Art on the battlefield: Karate instructor aims to preserve tradition

Castillo’s Shotokan Karate-Do has been at Body Zone Health and Fitness Club in Watsonville for almost a year. (Photo by Johanna Miller/Register-Pajaronian)

WATSONVILLE — When Sensei Fred Castillo was first introduced to Shotokan Karate in the 1960s, it was nothing like he expected.

Castillo had run into a friend who mentioned he was on his way to practice karate. Castillo was intrigued, as he was looking for a new way to stay in shape.

But physicality, he learned, was only one small part of the practice.

“The first thing they did was teach me how I should be standing and walking, proper manners, and how to have a strong spirit,” Castillo said. “It was very difficult for me — I’d never had that kind of discipline.”

But the art of karate stuck with Castillo, and he has continued practicing and teaching it in Watsonville for decades. Last year, Castillo’s Shotokan Karate-Do moved into Body Zone Health and Fitness Club on Main Street.

Castillo and his black belt students met in January and deliberated on how best to bring new students into the dojo.

“We really just want get the word out that we’re still here,” Castillo said. “We’re eager to pass along this tradition.”

Karate has become a part of Castillo, who grew up in Watsonville and spent 50 years as an employee at Watsonville Community Hospital.

“Karate is my nature,” he said. “It’s direct. I like the idea of an instant clash.”

Castillo mentioned that in some modern forms of martial arts, including karate, the physical aspect of the practice and the goal of winning trophies and medals has overshadowed its traditional values.

“I’m always trying to emphasize that true karate is not a sport,” he said. “It is a battlefield art. You learn that if something is not worth dying for, it’s not worth fighting for. You train to never have to fight in the first place.”

On Jan. 19, Castillo’s Shotokan Karate-Do held a black belt certification ceremony for two members: Francisco “Frank” Torres, who received his second degree black belt, and Herb Decker, who was surprised with his third degree belt. Decker, Castillo explained, had struggled with illnesses last year and had to put his examination on hold.

But Castillo knew he was ready.

“We don’t hold examinations every month,” Castillo said. “So you get examined, and awarded, when I know that you are ready. Some will move faster than others and that’s fine. Everyone is different.”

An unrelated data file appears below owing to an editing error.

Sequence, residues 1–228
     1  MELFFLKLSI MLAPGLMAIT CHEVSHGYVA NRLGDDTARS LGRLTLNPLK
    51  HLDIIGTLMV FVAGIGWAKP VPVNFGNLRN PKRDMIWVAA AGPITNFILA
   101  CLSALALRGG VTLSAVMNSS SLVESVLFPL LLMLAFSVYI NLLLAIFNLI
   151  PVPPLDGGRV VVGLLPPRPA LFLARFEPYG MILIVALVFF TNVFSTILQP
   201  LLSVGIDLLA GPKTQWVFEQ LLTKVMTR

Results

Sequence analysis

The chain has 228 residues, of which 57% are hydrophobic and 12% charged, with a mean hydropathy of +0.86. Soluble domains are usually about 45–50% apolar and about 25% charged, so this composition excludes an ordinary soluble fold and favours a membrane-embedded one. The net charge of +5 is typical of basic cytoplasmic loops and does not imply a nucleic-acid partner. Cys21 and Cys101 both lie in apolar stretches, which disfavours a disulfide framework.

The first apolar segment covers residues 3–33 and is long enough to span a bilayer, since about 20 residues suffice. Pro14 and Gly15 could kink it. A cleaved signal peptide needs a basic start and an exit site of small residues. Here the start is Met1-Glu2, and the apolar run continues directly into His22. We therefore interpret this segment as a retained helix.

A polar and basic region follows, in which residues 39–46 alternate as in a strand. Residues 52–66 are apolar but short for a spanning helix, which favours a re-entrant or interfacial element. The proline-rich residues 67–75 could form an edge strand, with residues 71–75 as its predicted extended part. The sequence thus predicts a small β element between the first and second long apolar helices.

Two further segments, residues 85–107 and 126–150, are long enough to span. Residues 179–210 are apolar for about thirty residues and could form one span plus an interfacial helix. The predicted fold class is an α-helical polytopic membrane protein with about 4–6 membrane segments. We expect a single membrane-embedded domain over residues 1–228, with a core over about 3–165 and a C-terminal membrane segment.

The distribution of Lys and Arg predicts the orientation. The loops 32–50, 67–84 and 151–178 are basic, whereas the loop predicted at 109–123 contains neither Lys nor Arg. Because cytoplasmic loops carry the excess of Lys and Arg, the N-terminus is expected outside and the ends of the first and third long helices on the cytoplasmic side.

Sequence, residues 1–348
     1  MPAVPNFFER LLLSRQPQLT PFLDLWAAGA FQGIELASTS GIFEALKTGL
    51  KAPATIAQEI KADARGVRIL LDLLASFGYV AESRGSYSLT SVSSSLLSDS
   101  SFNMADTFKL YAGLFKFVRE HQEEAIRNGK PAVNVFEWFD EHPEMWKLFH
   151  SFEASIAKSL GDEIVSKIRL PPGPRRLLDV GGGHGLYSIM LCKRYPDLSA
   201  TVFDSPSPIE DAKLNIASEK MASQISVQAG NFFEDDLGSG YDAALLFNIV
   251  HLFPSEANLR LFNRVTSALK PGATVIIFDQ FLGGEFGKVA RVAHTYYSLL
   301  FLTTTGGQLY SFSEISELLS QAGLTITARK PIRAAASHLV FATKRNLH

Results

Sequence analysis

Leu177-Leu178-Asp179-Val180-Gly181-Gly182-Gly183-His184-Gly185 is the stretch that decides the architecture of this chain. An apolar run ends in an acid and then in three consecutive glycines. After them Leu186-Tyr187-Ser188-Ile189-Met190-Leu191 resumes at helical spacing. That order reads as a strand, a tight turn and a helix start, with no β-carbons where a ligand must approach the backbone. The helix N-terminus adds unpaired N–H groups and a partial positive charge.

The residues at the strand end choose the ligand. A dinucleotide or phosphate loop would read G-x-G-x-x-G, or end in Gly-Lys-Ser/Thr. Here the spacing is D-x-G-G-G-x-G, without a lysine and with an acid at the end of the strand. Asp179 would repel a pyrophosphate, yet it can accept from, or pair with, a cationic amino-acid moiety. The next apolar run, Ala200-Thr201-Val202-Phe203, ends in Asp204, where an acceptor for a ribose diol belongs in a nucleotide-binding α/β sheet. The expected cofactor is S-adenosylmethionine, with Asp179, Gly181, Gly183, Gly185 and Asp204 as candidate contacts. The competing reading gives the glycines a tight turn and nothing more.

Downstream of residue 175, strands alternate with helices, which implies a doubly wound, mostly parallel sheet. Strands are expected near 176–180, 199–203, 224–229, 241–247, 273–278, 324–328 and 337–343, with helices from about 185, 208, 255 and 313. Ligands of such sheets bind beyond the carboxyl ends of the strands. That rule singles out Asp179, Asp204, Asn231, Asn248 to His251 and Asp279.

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Fred Castillo (right) and second degree black belt Frank Torres oversee a recent practice. (Photo by Johanna Miller/Register-Pajaronian)

The ceremony also recognized the parents and families of the students, who were praised for their own dedication of support.

In November, Castillo was awarded Instructor of the Year by the Bay Area Cities Karate and Kubudo Alliance at its annual Championship Tournament.

“Usually, accepting awards goes against my grain,” he admitted. “But it felt really good. I just want people to know: I didn’t get to where I am because I was smarter or better than anyone else. I had a lot of help.”

Castillo’s Shotokan Karate-Do offers classes for both children ages 6-10 and “adults” over the age of 11. Castillo said that for younger participants, the main focus is on learning etiquette and self-awareness, and to have fun. Adult classes focus on skill and character development.

“People often ask me why I still do this,” Castillo said. “Well, it’s who I am. It doesn’t feel like a job. I am honored for the opportunity to pass this tradition along.”

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Classes at Castillo’s Shotokan Karate-Do are held Monday-Thursday at Body Zone Health and Fitness Club, located at 1810 Main St. For information, call 728-1280 or 588-1785.


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